8

Your second question is the easy one: it's fine to block off one register, partly or completely. The problem comes when too many of them are blocked off (the furnace can't push enough air to work effectively). If you also have an exit vent in your room a door snake will help keep the warm air from the rest of the house out, once you've partly closed off the ...


8

You're being quite specific with regard to solar... but in principle, it is possible to move your electricity consumption to minimise its carbon footprint. Ecotricity (a UK "green" energy supplier) have a web page that shows the current carbon intensity of UK generation1, and gives a red/amber/green indication of whether you should turn stuff on now. If you ...


8

If it's a very simple motor then it may be possible just to run it backwards to generate electricity. If it's got electronic controls, probably not. But is it worth it? Do a quick calculation of the amount of energy available. How much water are you expecting to fall? (roof area x annual rainfall). One cubic metre of water weights 1000 kg. Height (metres) ...


8

Electronically they're the same and will waste as much energy as a conventional adaptor. Depending on your electrical regulations they may be forced to be at the good end of adaptor efficiency, or they may be at the very cheap end. This will be a matter of safety regulations, but the cheapest designs fall down on safety and efficiency. I hunted for one ...


8

Summary No, that's way too little. I think "140 miles square" has got mangled into "140 square miles". Running the numbers Following on from one of Elon Musk's presentations, which showed an area of about 10,000 km2 as the area of PV panels needed to power the USA, the question came up on the Skeptics Stack Exchange. Taking the numbers ...


8

The stabilisation energy rate will be exactly exactly equal to the rate at which energy is lost. Assuming the tank is closed, so there are no evaporative losses, there are two other ways energy is lost. Firstly, from conductive losses through the surface of the tank. That will depend on the thermal conductivity of the tank, and on difference between the ...


7

I think Western kitchens have a much different focus on foods, as well. Meat is often the center of many meals, for instance. I find efficiently storing (freezing, thawing, cooking, storing prepared meat) to be difficult to manage without waste. Your choice of foods can dramatically decrease your waste. I recommend using more curries (stored as curry ...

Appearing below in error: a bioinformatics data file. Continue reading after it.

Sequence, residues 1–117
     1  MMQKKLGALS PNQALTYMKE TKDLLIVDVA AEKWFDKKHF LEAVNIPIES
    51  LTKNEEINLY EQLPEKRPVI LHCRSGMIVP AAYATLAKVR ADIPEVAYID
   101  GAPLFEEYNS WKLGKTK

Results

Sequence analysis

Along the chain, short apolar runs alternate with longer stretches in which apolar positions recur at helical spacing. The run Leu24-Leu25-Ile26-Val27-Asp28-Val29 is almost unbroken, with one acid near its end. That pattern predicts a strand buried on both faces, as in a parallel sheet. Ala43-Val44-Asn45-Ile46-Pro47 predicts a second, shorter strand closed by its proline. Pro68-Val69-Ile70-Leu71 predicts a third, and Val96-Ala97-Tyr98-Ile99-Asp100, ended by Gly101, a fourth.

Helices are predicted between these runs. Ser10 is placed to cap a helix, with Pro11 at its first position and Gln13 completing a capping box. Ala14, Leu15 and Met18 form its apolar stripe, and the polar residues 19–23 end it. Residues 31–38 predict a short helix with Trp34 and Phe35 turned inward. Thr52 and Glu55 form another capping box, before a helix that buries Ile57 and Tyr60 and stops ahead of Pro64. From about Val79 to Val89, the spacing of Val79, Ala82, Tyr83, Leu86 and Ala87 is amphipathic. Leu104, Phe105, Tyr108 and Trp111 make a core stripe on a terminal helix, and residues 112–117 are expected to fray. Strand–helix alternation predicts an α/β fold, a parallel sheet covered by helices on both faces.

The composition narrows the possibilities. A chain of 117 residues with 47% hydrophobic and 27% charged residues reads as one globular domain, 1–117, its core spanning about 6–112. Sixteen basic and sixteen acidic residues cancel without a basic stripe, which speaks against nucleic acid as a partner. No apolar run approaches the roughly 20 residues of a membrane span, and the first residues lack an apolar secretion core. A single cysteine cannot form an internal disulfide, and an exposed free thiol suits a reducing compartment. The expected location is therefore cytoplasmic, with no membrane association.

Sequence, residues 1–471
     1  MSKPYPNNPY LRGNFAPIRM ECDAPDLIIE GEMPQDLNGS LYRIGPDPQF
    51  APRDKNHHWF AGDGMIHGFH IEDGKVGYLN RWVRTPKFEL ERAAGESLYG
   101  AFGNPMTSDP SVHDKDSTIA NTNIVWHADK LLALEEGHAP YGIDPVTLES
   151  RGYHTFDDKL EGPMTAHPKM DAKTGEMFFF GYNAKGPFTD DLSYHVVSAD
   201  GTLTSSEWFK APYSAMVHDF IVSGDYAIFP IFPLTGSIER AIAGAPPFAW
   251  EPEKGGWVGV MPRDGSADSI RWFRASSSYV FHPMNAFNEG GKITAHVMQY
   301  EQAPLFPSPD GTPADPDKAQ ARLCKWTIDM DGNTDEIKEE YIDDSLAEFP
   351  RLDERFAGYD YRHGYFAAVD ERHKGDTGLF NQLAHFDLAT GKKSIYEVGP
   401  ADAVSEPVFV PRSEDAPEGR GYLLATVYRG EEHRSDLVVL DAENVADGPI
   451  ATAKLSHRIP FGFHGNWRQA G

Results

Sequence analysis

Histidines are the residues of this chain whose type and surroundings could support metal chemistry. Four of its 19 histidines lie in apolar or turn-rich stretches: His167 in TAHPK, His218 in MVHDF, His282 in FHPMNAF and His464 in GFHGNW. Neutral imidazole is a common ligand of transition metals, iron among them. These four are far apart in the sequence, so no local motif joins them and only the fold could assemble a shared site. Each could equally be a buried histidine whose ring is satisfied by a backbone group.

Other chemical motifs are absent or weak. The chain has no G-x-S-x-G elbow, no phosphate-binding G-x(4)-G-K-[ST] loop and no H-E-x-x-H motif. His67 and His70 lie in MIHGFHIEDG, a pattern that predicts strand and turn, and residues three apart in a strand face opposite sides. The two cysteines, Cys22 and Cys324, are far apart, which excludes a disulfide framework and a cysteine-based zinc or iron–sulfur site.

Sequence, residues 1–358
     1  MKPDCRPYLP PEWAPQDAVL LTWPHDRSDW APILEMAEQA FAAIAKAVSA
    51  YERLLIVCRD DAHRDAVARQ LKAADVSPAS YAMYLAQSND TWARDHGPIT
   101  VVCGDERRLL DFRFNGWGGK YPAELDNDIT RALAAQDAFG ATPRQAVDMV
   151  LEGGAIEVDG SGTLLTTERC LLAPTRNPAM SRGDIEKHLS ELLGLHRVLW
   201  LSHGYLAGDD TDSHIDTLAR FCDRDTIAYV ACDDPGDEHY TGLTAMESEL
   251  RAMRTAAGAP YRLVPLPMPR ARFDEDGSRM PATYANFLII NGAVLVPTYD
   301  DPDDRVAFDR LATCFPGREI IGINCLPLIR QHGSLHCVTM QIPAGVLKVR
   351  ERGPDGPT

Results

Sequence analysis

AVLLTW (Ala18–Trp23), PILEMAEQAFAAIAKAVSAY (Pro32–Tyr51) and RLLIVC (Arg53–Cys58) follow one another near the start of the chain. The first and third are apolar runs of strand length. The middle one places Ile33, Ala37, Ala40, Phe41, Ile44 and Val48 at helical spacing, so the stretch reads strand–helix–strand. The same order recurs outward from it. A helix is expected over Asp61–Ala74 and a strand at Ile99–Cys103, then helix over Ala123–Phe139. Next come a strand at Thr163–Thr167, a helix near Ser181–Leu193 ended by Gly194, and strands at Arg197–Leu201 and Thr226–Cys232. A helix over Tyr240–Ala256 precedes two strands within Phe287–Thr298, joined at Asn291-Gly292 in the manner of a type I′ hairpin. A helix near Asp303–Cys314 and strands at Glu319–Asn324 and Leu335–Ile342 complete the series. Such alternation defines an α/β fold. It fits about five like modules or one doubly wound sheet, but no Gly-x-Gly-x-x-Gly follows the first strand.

7

Beware that chart - it is from 2004, and hence is very out of date! In particular, photovoltaics ("solar panels") have become cheaper much faster than anybody expected a decade ago, and wave and tidal power have proved more difficult and costly than some had projected. Here's some more up to date info on costs: http://www.eia.gov/forecasts/aeo/...


7

According to the REN21 Renewables Global Status Report 2014, China had 91.4 GW of installed wind capacity by the end of 2013, more than any other country in the world, of which 75.5 GW was in commercial operation. The USA had 61.6 GW of installed wind capacity. In terms of actual generation from wind, the USA was world leader in 2013, with 19.4 GW mean ...


7

The wattage given on the fixture refers to the maximum that can safely be used. That will be dictated by two things: The internal wiring of the fixture, and the heat that it can tolerate. In reality the additional 6W of the three 42W lamps that you are using is probably not going to be a problem, but it would be wrong of me to advise you that it's OK - you ...


7

I think a "general principle" is that "express wash" usually means one or more of the following reduce the wash cycle reduce the spin cycle skip a rinse cycle (e.g. by not using any softener) etc. In other words, rather than "same washing in less time" you get "less washing", but still enough for not-so-dirty clothes to get clean. This means that the ...


7

It sounds like the Kill A Watt wireless might be what you are after. For more alternatives keep reading. There is another product line called the Watts-Up that has USB connections to computers on some models, and a built in web server on the high end one. The high end one can be made to work over wireless with an adapter. The USB only versions could be used ...


7

Power ratings -- choose level VI Take a look at any external power supply (EPS) you have lying around -- you should notice, along with all the regulatory markings, a roman numeral I through VI in a circle. Here are four that I just dug up in my house: These indicate energy efficiency standards for EPS starting with the California Energy Commission in 2004 (...